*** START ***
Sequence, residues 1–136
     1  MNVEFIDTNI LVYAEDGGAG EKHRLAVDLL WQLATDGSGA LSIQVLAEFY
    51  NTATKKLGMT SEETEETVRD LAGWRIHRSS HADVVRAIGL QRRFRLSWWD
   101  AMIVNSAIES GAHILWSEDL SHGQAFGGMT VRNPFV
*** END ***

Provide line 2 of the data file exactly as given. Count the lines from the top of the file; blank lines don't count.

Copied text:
     1  MNVEFIDTNI LVYAEDGGAG EKHRLAVDLL WQLATDGSGA LSIQVLAEFY